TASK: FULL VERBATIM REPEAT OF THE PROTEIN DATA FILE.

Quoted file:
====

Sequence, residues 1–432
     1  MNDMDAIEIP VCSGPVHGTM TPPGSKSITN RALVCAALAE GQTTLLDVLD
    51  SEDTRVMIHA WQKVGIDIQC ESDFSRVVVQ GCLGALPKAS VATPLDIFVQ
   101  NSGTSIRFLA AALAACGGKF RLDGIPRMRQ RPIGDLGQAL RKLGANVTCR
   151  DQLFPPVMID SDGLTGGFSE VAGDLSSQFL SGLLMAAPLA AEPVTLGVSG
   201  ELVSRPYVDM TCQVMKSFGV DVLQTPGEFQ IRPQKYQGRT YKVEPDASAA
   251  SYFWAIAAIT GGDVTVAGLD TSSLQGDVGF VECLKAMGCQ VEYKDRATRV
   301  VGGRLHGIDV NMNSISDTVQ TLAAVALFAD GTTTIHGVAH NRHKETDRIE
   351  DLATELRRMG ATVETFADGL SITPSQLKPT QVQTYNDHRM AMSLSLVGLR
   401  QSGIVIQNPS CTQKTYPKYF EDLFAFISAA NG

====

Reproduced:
Sequence, residues 1–432
     1  MNDMDAIEIP VCSGPVHGTM TPPGSKSITN RALVCAALAE GQTTLLDVLD
    51  SEDTRVMIHA WQKVGIDIQC ESDFSRVVVQ GCLGALPKAS VATPLDIFVQ
   101  NSGTSIRFLA AALAACGGKF RLDGIPRMRQ RPIGDLGQAL RKLGANVTCR
   151  DQLFPPVMID SDGLTGGFSE VAGDLSSQFL SGLLMAAPLA AEPVTLGVSG
   201  ELVSRPYVDM TCQVMKSFGV DVLQTPGEFQ IRPQKYQGRT YKVEPDASAA
   251  SYFWAIAAIT GGDVTVAGLD TSSLQGDVGF VECLKAMGCQ VEYKDRATRV
   301  VGGRLHGIDV NMNSISDTVQ TLAAVALFAD GTTTIHGVAH NRHKETDRIE
   351  DLATELRRMG ATVETFADGL SITPSQLKPT QVQTYNDHRM AMSLSLVGLR
   401  QSGIVIQNPS CTQKTYPKYF EDLFAFISAA NG